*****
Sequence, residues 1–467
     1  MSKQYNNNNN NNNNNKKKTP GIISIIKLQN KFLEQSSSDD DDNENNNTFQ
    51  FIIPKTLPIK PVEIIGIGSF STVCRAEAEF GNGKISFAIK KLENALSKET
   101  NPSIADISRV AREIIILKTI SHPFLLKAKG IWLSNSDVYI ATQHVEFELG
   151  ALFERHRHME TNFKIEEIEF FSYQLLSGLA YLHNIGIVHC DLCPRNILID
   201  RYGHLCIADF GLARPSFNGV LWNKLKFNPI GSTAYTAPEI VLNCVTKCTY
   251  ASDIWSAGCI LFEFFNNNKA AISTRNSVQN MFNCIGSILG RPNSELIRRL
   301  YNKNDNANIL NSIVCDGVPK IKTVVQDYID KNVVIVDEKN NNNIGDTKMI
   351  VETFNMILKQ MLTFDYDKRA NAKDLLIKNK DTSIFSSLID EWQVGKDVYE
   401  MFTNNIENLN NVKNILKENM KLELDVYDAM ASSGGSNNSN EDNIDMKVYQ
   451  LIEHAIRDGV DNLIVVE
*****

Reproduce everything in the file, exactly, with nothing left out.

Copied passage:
Sequence, residues 1–467
     1  MSKQYNNNNN NNNNNKKKTP GIISIIKLQN KFLEQSSSDD DDNENNNTFQ
    51  FIIPKTLPIK PVEIIGIGSF STVCRAEAEF GNGKISFAIK KLENALSKET
   101  NPSIADISRV AREIIILKTI SHPFLLKAKG IWLSNSDVYI ATQHVEFELG
   151  ALFERHRHME TNFKIEEIEF FSYQLLSGLA YLHNIGIVHC DLCPRNILID
   201  RYGHLCIADF GLARPSFNGV LWNKLKFNPI GSTAYTAPEI VLNCVTKCTY
   251  ASDIWSAGCI LFEFFNNNKA AISTRNSVQN MFNCIGSILG RPNSELIRRL
   301  YNKNDNANIL NSIVCDGVPK IKTVVQDYID KNVVIVDEKN NNNIGDTKMI
   351  VETFNMILKQ MLTFDYDKRA NAKDLLIKNK DTSIFSSLID EWQVGKDVYE
   401  MFTNNIENLN NVKNILKENM KLELDVYDAM ASSGGSNNSN EDNIDMKVYQ
   451  LIEHAIRDGV DNLIVVE